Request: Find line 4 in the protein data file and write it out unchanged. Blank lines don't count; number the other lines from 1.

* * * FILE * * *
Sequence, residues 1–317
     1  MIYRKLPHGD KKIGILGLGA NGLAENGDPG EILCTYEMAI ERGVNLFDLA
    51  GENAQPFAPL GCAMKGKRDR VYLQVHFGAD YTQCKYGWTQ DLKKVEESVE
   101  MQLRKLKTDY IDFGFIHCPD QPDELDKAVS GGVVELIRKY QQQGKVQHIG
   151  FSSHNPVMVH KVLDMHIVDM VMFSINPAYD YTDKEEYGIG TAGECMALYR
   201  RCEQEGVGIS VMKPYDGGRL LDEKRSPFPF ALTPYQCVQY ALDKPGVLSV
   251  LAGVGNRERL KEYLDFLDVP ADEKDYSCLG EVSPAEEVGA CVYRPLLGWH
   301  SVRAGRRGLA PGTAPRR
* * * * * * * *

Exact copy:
   101  MQLRKLKTDY IDFGFIHCPD QPDELDKAVS GGVVELIRKY QQQGKVQHIG